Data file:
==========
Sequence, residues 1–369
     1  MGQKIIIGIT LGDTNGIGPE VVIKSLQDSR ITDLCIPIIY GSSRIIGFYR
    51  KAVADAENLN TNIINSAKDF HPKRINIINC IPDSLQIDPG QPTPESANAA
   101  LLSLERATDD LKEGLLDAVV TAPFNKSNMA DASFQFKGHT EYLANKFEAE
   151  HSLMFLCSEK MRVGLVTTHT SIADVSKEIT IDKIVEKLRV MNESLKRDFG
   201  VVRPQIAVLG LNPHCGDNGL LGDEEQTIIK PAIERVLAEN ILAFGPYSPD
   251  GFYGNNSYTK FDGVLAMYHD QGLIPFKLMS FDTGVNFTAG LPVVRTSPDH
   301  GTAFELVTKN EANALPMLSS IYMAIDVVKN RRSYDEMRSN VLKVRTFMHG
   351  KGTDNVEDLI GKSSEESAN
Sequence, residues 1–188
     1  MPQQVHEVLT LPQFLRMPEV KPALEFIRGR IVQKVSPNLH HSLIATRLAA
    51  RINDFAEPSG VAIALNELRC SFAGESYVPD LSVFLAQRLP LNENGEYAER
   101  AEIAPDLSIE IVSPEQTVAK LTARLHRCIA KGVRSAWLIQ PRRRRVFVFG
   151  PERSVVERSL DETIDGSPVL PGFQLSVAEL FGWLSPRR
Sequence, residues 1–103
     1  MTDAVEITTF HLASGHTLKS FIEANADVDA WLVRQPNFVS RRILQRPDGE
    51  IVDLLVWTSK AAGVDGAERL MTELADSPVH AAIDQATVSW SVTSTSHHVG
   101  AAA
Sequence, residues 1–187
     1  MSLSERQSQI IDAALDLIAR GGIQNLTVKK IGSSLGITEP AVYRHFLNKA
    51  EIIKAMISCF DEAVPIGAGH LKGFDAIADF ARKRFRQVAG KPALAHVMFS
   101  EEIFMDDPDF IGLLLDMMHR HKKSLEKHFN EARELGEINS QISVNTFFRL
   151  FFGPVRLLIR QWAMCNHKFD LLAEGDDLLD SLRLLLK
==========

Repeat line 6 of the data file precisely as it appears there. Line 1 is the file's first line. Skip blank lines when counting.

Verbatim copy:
   201  VVRPQIAVLG LNPHCGDNGL LGDEEQTIIK PAIERVLAEN ILAFGPYSPD